http://www.knightwriter.org/AA/DemonB7/SevenCyc/b7/michelin.jpeg

Safety first.

CW on August 23, 2014 at 3:49 PM

Judge Brooke, another deranged, lawless fascist traitor with delusions of godhood lawlessly violating his oath of office for which he would be impeached and convicted in a civilized county run by adults under the rule of law vs men; no danger of that here.

russedav on August 23, 2014 at 3:49 PM

It was only foreseeable in that the theater has “No Guns Allowed” signed posted all over the place. It’s one thing to have a no firearms allowed policy. It’s another to announce it to all the world including the nutters. These theaters haven’t learned either. After the shooting a number of theaters decided they also wanted their business to become target rich environments by posting their anti-guns signs of their own.

jawkneemusic on August 23, 2014 at 3:50 PM

I keep trying to get people to enter establishments with NoGuns signs, order or prepare to purchase their goods/services and then pretend to suddenly notice the signs and say “Oh, sorry, I can’t stay since I disagree with your no guns requirement” all apologetic like, see, and leave. Preferably in a large group.

It’s not catching on, because those signs are 99% in Seattle where 99% of the patrons agree with it, and I refuse to step foot in Seattle anymore.

But other folks should make it ‘a thing’, huh?
The only store that tried that in a more rural part of WWA went out of business six months after posting the signs. It was literally a wasteland. YES WE CAN.

Tard on August 23, 2014 at 3:50 PM

Anything for a buck.

rickv404 on August 23, 2014 at 3:52 PM

The shooter Holmes in this case able to enter the theater normally with all the other customers. Then he left through one of the side exits and propped the door ajar with some kind of object. He went to his vehicle, armed up and re-entered.

The case may hang on the theater constructing exits to allow this, and not having someone watching for people coming in the exit.

I’m not suggesting that the suit should be successful by posting this.

slickwillie2001 on August 23, 2014 at 3:56 PM

Maybe the owner should counter-sue all the plaintiffs because they should have reasonably foreseen the danger of such an attack by going into a crowded movie theater. They came in anyway and should be held negligent.
After all, if the owner was supposed to have figured it out, why aren’t the patrons required to do the same figuring?

OccamsRazor on August 23, 2014 at 4:07 PM

The case may hang on the theater constructing exits to allow this, and not having someone watching for people coming in the exit.

I’m not suggesting that the suit should be successful by posting this.

slickwillie2001 on August 23, 2014 at 3:56 PM

Still not really forseeable.

CW on August 23, 2014 at 4:08 PM

Evil is real and unpredictable, pack heat

E9RET on August 23, 2014 at 4:10 PM

The old comic books said it best

???????????

formwiz on August 23, 2014 at 4:11 PM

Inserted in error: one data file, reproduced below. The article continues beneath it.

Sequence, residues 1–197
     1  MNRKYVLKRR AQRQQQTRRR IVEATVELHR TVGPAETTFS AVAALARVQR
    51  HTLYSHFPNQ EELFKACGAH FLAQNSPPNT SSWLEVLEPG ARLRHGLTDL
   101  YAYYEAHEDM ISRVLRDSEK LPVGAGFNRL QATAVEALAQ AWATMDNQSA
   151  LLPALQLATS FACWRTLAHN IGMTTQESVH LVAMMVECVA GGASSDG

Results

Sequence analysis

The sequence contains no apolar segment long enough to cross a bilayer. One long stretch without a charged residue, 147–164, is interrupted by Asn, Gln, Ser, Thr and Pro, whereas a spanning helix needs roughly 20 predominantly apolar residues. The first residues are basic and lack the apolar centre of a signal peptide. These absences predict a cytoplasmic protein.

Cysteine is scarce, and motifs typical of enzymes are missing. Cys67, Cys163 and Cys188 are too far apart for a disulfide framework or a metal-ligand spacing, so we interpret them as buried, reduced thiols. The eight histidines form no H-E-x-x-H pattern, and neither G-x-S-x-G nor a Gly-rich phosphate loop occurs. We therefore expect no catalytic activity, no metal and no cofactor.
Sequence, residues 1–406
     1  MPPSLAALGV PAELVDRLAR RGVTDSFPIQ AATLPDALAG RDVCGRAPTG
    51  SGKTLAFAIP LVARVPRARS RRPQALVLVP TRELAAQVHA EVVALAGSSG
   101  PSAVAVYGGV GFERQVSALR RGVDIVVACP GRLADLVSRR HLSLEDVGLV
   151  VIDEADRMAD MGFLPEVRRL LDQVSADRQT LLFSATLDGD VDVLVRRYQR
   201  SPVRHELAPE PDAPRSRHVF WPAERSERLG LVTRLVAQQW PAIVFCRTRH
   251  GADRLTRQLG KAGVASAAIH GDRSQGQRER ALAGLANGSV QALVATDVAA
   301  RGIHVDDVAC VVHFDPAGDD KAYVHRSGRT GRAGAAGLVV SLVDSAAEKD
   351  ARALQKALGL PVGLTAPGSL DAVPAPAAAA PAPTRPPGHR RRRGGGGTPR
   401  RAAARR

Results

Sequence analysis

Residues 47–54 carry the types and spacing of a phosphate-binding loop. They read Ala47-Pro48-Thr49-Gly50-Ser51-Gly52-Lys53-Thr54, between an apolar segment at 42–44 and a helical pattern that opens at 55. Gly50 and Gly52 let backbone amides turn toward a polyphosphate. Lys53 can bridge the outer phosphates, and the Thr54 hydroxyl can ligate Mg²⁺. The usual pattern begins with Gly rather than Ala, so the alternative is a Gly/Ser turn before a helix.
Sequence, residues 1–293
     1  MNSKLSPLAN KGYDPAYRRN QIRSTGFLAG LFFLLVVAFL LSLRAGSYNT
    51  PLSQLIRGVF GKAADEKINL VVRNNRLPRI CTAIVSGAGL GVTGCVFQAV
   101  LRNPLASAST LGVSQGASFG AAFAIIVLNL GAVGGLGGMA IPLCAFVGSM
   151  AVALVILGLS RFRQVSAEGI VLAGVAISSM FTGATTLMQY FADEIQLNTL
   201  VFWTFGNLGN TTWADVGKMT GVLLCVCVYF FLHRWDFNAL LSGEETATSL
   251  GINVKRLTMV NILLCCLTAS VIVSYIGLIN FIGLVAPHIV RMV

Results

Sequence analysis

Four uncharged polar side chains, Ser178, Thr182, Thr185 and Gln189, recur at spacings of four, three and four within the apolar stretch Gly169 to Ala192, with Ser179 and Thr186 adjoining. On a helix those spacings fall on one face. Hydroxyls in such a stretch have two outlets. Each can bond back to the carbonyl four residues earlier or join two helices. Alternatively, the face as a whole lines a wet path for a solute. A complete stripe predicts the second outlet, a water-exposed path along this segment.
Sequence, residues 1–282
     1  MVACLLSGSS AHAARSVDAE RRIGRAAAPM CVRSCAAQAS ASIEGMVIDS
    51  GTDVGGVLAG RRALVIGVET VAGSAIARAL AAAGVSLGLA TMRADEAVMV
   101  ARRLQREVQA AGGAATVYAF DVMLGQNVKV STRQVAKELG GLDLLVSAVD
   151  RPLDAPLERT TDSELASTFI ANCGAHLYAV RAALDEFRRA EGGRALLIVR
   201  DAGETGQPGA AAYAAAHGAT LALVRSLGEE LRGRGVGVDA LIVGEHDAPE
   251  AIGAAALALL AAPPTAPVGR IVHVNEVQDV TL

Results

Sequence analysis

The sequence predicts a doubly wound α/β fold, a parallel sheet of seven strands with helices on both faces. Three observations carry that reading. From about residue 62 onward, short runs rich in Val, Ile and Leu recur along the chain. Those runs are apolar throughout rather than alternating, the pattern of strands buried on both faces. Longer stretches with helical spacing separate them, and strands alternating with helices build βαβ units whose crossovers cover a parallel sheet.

A number of people have referenced Popehat’s article on how the Denver Post poorly worded their interpretation of the judgment and it’s a very good analysis. However, it doesn’t change the substance of what I wrote here, which was to say that the judge allowed the case to move forward, not that he endorsed the plaintiffs’ complaints. (Which is still true.) As to how valid the complaints are regarding whether or not the theater is accountable, that’s just opinion and yours may vary.

Jazz Shaw on August 23, 2014 at 4:11 PM

But… but, how could this be? There was a “No Firearms” sign on the door.

PermanentWaves on August 23, 2014 at 2:43 PM

There’s a sign at my local Bozeman, Montana theater that says, “Please no firearms”. Due to the “please”, I like to think it’s a request and that patrons have the choice of complying with or ignoring it.

jix on August 23, 2014 at 4:11 PM

School systems around the country hardest hit.

BobMbx on August 23, 2014 at 4:12 PM

I know there aren’t many left but does this mean drive in theaters need 20 foot fences and to check every trunk?

CW on August 23, 2014 at 4:13 PM

Pick your poison: Death by fire due to locked doors, or death by shooting due to unlocked doors.

BobMbx on August 23, 2014 at 4:14 PM

Not A fan of lawsuits or lawfare, generally, but this case is not a bad one, for Gun Rights Advocates. I know many of you disagree but see if you like my logic or at least tell me what’s wrong with my logic.
1) This law suit changes the Cost-Benefit Payout Matrix of a business. Currently, when asked about armed patrons the business may assume:
a. Costs: An armed patron may deliberately or inadvertently shoot another patron or patrons; obviously this would lead to business/corporate liability, it is a small but foreseeable risk.
b. Benefits: Benefits are minimal or indeterminate, mass shootings are very rare, so the benefits of PREVENTING or ENDING are a mass shooting are almost nil, but the risks are still very real.
c. Result: It makes more sense to ban fire arms than allow them
2) If the law suit proceeds &/or a settlement is reached that matrix changes.
a. Costs: Well you still have the small, but real risk associated with armed patrons, but NOW you have the potential costs of legal liability for patrons killed by another patron violating your corporate policy. That cost did not exist prior to this law suit.
b. Benefits: Armed patrons or greater security can now be seen as a risk reduction policy, because now there ARE costs associated with banning firearms, but making only token efforts to ensure that policy is enforced.